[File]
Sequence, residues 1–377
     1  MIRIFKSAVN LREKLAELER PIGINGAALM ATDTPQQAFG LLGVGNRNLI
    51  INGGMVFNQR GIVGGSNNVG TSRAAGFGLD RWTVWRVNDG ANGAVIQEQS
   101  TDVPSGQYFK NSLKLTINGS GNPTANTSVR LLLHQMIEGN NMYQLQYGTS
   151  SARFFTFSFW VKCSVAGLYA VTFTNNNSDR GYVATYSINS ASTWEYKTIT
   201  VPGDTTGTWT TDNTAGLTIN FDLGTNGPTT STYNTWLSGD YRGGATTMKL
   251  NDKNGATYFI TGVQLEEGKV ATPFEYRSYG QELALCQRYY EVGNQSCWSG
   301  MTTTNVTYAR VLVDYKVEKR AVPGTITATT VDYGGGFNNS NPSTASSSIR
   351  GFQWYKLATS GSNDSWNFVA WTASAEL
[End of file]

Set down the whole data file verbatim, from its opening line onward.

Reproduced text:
Sequence, residues 1–377
     1  MIRIFKSAVN LREKLAELER PIGINGAALM ATDTPQQAFG LLGVGNRNLI
    51  INGGMVFNQR GIVGGSNNVG TSRAAGFGLD RWTVWRVNDG ANGAVIQEQS
   101  TDVPSGQYFK NSLKLTINGS GNPTANTSVR LLLHQMIEGN NMYQLQYGTS
   151  SARFFTFSFW VKCSVAGLYA VTFTNNNSDR GYVATYSINS ASTWEYKTIT
   201  VPGDTTGTWT TDNTAGLTIN FDLGTNGPTT STYNTWLSGD YRGGATTMKL
   251  NDKNGATYFI TGVQLEEGKV ATPFEYRSYG QELALCQRYY EVGNQSCWSG
   301  MTTTNVTYAR VLVDYKVEKR AVPGTITATT VDYGGGFNNS NPSTASSSIR
   351  GFQWYKLATS GSNDSWNFVA WTASAEL